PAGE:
After spending intermittent weeks in Chama learning the craft, the monks learned about weft (the thread that is woven across the warp to make the fabric) and warp (a group of parallel threads that are held in tension, and through which the weft passes), arc (the weft bowed up to a point, to allow extra weft length), beat (packing in the weft by swinging the beater forward), heading (a few rows of weaving in a special yarn before starting the main weaving). For the uninitiated, this is daunting and vexing stuff to learn over a few days. It reminded them more and more about the meaning of conversatio. Conversatio is about being broken and renewed, being overwhelmed and being raised up. It is willingness to suffer and be utterly confused, because we have learned that is one-way God leads us into the encounter with brand new life. Conversatio is about being in the hands of the living God.

Weaving on the looms at Tierra Wools required the whole body: head, shoulders, arms, hands, legs, and feet. The weaving day began at 9:00 am, with a short lunch break, and then work again until 5:00 pm. In the evenings, Brother Chrysostom would cook for the monks, and Brother Martin and Father Seraphim would clean pots and dishes. Father Seraphim was Mass celebrant for the small community of three each night at around 6:00 pm before dinner. At the end of five days, the brothers produced three full length rugs. There was always physical and mental fatigue associated with the weaving process, and frustrations with yarn and weaving mistakes, but at the end the brothers were pleased with the rugs produced and the good fruit of their labors. All the wool used for the rugs is 100% Navajo-Churro, a breed of sheep we raise here at the monastery.

Can you imagine if brothers at Christ in the Desert had to weave all of their clothes and linen needs? Centuries ago the medieval monk’s habit, or robe, was a simple and modest looking tunic-like garment. Rough textures and generous cut were its hallmarks. Most robes included a hood and cord around the waist. Sources indicate that the earliest Benedictine habits were probably white, brown and gray, because monks wore undyed wool as part of their dedication to a life of poverty. Some of the colors varied according to the order. As time went by, black became the standardcolor of a Benedictine habit, though some Benedictine Congregations use white, especially in hotter climates.

We may not be making our own clothes, but we are making delightful rugs that have found a home with many of our benefactors and supporters. It is not Monk’s Cloth, “a coarse heavy fabric in basket weave made originally of worsted and used for monk’s habits but now chiefly of cotton or linen,” but it is a handcrafted, love imbued product of the monastery that can be shared with those who know of the monks and of our conversatio morum as monks…and weavers.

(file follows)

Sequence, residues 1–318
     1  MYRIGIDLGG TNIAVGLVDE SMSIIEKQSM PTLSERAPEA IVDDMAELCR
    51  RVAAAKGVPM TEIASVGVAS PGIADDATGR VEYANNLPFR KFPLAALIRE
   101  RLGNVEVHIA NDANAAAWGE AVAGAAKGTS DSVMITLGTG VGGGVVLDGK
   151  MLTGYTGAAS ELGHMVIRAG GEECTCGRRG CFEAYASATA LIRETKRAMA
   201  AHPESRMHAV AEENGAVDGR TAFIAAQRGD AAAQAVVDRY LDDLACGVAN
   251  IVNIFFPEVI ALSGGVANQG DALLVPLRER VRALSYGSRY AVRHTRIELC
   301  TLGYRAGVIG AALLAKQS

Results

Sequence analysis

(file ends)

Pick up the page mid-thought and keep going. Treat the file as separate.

On Saturday evening, March 20th, our Brothers Boniface and Chrysostom renewed their simple, also called temporary, vows, for another year. This time of formation leads, God willing, to final or solemn monastic profession in the future.

Both monks give themselves generously to the daily monastic life at Christ in the Desert and help build up the common life. Brother Boniface is one of our organists, who accompany our chanting of the Divine Office and the Conventual Mass each day. Brother also works at recording and responding to Mass requests, as well as being our photocopier, preparer of postage for packages and acting as our immigration representative to the U.S. Government.

Brother Chrysostom serves as our Guestmaster and Development Director. Even though we have no guests at present, he still keeps busy with Guesthouse-related work, including correspondence and maintenance of our guest facilities. Brother is also editor of our biannual Monastery Newsletter.

These monks not only work, they also faithfully attend common prayer throughout the day and give themselves to private prayer and lectio divina. They are a good example to all.

Ad multos annos, Fratres Boniface et Chrysostom. ✠


On Sunday, March 21st, our Father Zachary Nelson made his first profession of vows as a Benedictine monk of Christ in the Desert. He has completed his novitiate, and before coming here, served for many years as a diocesan priest in Japan.

Father Zachary is part of our kitchen staff, coordinating menus and shopping, and is an excellent cook and baker as well. He also spins wool from our Navajo-Churro sheep, gives fine homilies at Mass and is part of the group of monks who lead the music at Mass each day.

In the photo below, Father Zachary is on the far right. Prior Bonaventure and Abbot Christian are beside him, just after the profession Mass of March 21st.

Ad multos annos, Pater Zachary. ✠


We have received numerous telephone calls, emails, and letters inquiring about our reopening. Beginning Monday, May 31st, Memorial Day, our Monastery Church, GiftShop and Art Gallery, will be open again to daytime visitors, each Monday through Saturday, from 9:00 am
to 4:00 pm. Masks are required for visitors to the Giftshop and in church. On Sundays, the Conventual Mass is at 9:15 am and the Giftshop will be open from 10:30 am to 12:30 pm. Our Guesthouse for overnight retreatants remains closed.

Similar to the hidden life of Jesus, during the pandemic we have continued with our Divine Offie, daily Masses, work, and lectio divina. Like the early Desert Fathers we have maintained a quiet life, and we are happy that you can re-enter our lives and glorify and praise our Lord with
us. As Bonnie Thurston writes in her book, Shaped by the End You Live For: Thomas Merton’s Monastic Spirituality, “A genuine monastic is not separate from but in solidarity with [the whole Church], and this is true for serious Christians in any state of life.” Stay healthy and safe. See you soon! God bless.✠